Someone is snoring inside the copshop. I get up and look inside, thinking maybe they have a prisoner in a lock up in the back. Through an open door I see a pair of gargantuan feet, toes pointed up at the ceiling. That must be the local fuzz. I knock on the door, but the snoring goes on comfortably. I cough loudly. Finally, I shout, "Hello? Anybody home?" The snoring stops and then resumes. I clomp around on the wood floor making lots of noise. "Anybody here?" Snore, snore, snore. Maybe I should set the place afire. Or at least yell fire. Instead I go outside again and sit down on my log.
My thoughts come from here and there, from thousands of perceptions over years and years. They come together to form an idea, a concept, and the new concept expands outward, opens up new areas where other concepts bud from mine to form an ever expanding and evolving school of thought.
This is the shape of To Be, To Change, To Have Direction. It is how the system of becoming works, a pattern of behavior which creates new behavior and, at the same time, unexpectedly creates something brand new and unexpected. The butterfly carries pollen from one flower to the next and becomes an unexpected link in the ecology of plants of Savaii. A new idea creates businesses and, linking up with other ideas, changes the behavior patterns of thousands, perhaps billions of humans.
The snoring abruptly stops and I call out, "Anybody HOME?"
That does it. I hear shuffling sounds and a huge Samoan man with a big pot belly comes out of the back room rubbing his eyes and arranging his skirt. He looks at me for a moment, trying to decide if he needs a shirt or not and decides he does. He goes back into the back room and returns buttoning an impressive uniform shirt.
"Sorry to disturb you. Uh... I know Asau is not a port of entry but we had trouble with our boat late yesterday afternoon and were forced to come into your harbor to make repairs. We'll be on our way to Apia as soon as we're finished."
He stands there, 250 pounds of Samoan, well over six feet tall, and glares at me. Maybe he didn't understand. Maybe I'm in deep doodoo. His expression is fierce. And then he yawns and shakes his head, puts on a quizzical expression and says, "Huh?"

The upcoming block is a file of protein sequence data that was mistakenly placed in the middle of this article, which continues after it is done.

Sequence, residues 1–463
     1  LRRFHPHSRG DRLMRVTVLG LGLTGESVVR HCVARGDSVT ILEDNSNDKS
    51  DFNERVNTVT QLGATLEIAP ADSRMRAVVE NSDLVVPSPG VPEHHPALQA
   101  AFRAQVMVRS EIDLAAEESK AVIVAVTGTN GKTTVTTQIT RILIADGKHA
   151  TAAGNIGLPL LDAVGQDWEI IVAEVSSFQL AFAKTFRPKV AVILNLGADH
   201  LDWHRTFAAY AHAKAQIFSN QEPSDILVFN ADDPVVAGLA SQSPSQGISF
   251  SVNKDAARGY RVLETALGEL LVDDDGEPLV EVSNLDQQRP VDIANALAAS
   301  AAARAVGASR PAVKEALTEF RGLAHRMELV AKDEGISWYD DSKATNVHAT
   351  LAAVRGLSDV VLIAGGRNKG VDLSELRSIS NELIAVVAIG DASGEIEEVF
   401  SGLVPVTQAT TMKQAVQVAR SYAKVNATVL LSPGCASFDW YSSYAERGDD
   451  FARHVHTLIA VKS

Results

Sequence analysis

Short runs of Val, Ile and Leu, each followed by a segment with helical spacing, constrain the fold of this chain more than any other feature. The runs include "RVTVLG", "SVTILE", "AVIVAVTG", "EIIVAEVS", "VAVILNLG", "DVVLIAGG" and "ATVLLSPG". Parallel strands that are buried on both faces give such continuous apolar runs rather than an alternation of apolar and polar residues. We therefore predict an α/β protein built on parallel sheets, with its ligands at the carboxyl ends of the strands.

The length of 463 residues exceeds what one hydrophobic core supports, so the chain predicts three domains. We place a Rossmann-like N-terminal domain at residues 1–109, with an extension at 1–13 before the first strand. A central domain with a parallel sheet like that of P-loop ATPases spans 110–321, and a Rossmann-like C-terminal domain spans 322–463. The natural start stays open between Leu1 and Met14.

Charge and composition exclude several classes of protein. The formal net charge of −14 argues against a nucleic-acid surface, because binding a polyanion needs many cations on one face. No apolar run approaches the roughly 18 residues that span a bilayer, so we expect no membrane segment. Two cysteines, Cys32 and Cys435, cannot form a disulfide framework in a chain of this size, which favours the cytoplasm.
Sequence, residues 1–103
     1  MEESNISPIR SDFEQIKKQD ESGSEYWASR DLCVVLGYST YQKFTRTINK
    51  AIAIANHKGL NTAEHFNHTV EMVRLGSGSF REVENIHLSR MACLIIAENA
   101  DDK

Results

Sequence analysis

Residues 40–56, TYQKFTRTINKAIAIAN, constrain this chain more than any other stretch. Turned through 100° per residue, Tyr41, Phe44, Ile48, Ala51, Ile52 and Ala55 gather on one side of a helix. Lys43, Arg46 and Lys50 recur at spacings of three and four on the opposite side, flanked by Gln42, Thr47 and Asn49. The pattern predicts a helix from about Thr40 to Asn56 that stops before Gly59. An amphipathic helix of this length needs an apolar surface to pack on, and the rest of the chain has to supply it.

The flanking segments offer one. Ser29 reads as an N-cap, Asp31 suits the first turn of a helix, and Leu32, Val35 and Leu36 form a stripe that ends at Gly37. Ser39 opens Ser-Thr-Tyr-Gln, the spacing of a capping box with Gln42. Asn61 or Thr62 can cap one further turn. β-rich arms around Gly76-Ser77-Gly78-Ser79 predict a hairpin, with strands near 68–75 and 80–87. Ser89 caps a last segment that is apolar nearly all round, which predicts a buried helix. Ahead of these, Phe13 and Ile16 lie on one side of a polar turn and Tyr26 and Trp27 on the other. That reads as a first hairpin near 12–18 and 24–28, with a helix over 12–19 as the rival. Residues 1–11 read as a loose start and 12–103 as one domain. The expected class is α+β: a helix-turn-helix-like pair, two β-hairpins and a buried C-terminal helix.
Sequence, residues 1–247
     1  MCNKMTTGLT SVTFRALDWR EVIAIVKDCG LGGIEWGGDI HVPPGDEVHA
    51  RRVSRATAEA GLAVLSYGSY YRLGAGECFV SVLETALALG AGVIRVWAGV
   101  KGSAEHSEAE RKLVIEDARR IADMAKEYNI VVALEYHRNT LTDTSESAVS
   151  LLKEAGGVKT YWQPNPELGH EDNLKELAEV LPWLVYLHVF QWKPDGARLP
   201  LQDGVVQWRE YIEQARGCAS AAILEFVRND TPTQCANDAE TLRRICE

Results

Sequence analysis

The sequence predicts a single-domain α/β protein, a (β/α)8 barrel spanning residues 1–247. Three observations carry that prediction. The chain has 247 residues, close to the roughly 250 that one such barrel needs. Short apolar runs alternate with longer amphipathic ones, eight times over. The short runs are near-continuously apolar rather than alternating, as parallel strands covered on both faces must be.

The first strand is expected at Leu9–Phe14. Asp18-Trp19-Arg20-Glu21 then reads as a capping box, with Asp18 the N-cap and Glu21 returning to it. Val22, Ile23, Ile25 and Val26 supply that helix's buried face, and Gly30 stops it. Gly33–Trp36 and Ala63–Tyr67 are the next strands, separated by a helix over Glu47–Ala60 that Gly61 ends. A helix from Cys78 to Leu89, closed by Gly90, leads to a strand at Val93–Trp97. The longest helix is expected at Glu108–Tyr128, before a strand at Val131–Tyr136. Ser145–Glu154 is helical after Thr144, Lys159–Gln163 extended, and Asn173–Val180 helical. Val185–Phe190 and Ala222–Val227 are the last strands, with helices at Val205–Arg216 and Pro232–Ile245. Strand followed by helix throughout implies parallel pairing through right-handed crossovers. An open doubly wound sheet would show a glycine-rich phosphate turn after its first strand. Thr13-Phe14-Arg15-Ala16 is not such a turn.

I repeat our problem, this time slowly, in special English.
"You are from the yacht?" he must still be half asleep.
"Well, come into my office," he leads me inside and into another room in the rear of the building. He sits down, smiles, says, "You have a paper for me from Prime Minister's Office?"
I shake my head no.
"No. We have not been to Apia. We came from Wallis Island. We were in a big storm. Big waves broke our sail, damaged our steering system. We had to come here to fix the boat. When it is finished, we leave."
"During this little presentation, the policeman's attitude shifts from aggression to politeness to suspicion to confusion to acceptance to confusion to apathy to resignation and finally to friendliness.
"OK. You must stay on your yacht. Then go to Apia." He thinks a minute longer - a full minute at least. "If you want to come back you must get a permit from the Prime Ministers office. I will call Prime Minister. Maybe phone works today. I go to hospital, get doctor, and we come to have a look at your boat."
Eventually he sends me back to Moira. I walk back down the road admiring the butterflies which are out in full force, roar over the calm lagoon, wondering all the while about the complexities of life which require a permit from a Prime Minister to visit Asau harbor.
Freddy has sorted out the worst of the mess below decks. I help her get the sail ready to mend and while she sits in the sun working on it, I repair the toilet, fix the auto pilot, seal a forward porthole, fix the plugged sink, put a new bulb in the light over the nav station, remove the staysail roller furling gear, and splice together a new staysail halyard.
It's hot. At dusk, Freddy and I dive over the side to cool off. After a brief swim we rinse off. Two young men, Pelou and Tapu, come paddling by in a dug-out canoe. They stop along side and put a big pineapple and a basket of husked green drinking coconuts on our deck.
"Where from?" Pelou asks as he puts the basket on deck. Tapu, the older man, can't speak English.
"America," I reply.
"What do you want in return?" Freddy asks.